This car has been in need of a good detail and I finally got around to doing it. First I washed it with Meguiar’s Gold Class Shampoo, then went over the whole car with their Clay Bar Kit. I was surprised at the amount of crap the claybar took off. Then I used a high-speed corded drill with a velcro attachment for cutting, polishing, and waxing.
I started with Meguiar’s Ultimate Compound on a 6″ foam cutting pad from Harbor Freight. After going over a body panel, I would let it dry and then wipe it off with a microfiber cloth. Next, I used Meguiar’s Polishing Compound on a 6″ polishing foam pad, again wiping it off with a microfiber towel once finished. The last step was applying Meguiar’s Black Wax with a 6″ foam finishing pad. Obviously wiping the excess off with a microfiber cloth.
I took a picture before I started the cut/polish/wax process. Once I was finished, I took another picture to show the results. Keep in mind, the “before” picture is when the car was already washed and clean. The imperfections you see are all swirls or scratches, not dirt.
This animated GIF will switch between images. Click it for high-res.
In the two photos, you can see a lot of things in my garage reflecting off the paint. The two lines near the middle of the photos are power cords, not scratches. The lighter reflections above those are the power boxes on the light stands. All other bright imperfections are either lights on the ceiling, lights on the stands, or bright objects laying on the ground or on top of shelves. Obviously you can see the reflections of the yellow and red light stands themselves.
Continue reading How-To: Detail BMW with Paint Correction
Last week, I scored a used BMS Dual Cone Intake kit on 1Addicts for only $25 shipped! It was just too good of a price to pass up. When I opened the box, I found a pair of very dirty white filters. I regret not taking pictures of them because they almost looked black.
After soaking them with degreaser and rising them off, they looked brand new again! A couple minutes in the sun and they were dry. Then I grabbed a can of K&N filter oil and sprayed a nice coat on top. To my surprise, the oil was red! My precious white filters were no longer white! Oh well… they still look great.
BMS claims that these puppies add at least 15HP to the wheels. I’m not sure how accurate that is but the sound is intoxicating! I had no problems with the K&N panel filter in the OEM airbox, but I read that it can be restrictive at higher boost levels. For only $25, I couldn’t go wrong with these. A quick test run proved that the car pulls great and sounds much better. Plus, I like the look of these under the hood.
Now that the car is running higher boost, I decided I should probably replace the OEM spark plugs. I went with NGK 5992 plugs because they run a step colder than stock and are gappable.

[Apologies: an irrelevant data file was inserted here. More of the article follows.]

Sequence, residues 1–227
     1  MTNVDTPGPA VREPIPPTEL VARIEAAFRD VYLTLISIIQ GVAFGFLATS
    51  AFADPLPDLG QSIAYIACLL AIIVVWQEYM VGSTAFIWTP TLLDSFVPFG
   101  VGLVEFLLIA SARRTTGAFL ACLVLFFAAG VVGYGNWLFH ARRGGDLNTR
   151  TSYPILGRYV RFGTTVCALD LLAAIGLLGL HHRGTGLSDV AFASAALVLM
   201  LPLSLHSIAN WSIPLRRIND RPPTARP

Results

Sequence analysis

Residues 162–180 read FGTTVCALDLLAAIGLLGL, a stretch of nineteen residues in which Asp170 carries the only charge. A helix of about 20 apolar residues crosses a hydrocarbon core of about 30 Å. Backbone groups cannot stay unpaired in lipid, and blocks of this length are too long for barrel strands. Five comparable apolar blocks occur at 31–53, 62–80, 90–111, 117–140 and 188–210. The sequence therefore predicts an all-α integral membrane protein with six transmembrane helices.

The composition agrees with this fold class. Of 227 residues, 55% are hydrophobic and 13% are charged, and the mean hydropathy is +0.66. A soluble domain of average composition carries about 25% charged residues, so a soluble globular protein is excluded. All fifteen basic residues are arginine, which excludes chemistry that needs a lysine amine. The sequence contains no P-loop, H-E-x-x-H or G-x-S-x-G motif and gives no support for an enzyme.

I visited Bob again because I wanted to test for boost leaks. Part of me was hoping we’d find a small leak somewhere so I could upgrade to a metal charge pipe with a blow-off-valve and a larger intercooler. We didn’t find any leaks, but I’ll still buy those parts sometime soon.
Bob also has the tools for flashing the DME. My first flash was the free BMS E85 flash. It was okay, but I didn’t notice much. I went back and had him load an E85 flash from Wedge. It was great. I ran it for a week or so, took some logs, sent them to Wedge, and he sent back another version of the flash. This time when I visited Bob, I had him load the new flash that Wedge created. On the way home, I pulled up to an E39 M5 on the highway. He toyed with me and once things cleared up, we were able to do a pull. I put bus lengths on him! I’m not sure if I should have expected more out of his 4.9L V8 or if my car is just fast. I plan on hitting up the drag strip next week.
When I bought the car, it came with a Riss Racing oil catch can. Good news, right? Well, not so much. After realizing how small the lines were, I couldn’t stop thinking about it. Why wouldn’t they utilize the large lines that the stock PCV system had? Plus, it’s mounted on the hot side, right on top of the turbos! Definitely a re-branded eBay part.
Anyways, I bought a BMS OCC because it’s built from the ground up specifically for this car. It’s hoses exceed the OEM PCV piping in diameter and that flow rate is maintained throughout the entire catch can ensuring no excessive crankcase pressure buildup. Unlike the Riss Racing can, the BMS version is mounted on the cold side underneath the cowl for a stealthy look. Holding the two, the BMS oil catch can is the winner, hands down. Gotta love Terry’s products.
Much better. The hoses are nice and thick and you can’t even see it once the cowl is back on. Very happy with the upgrade.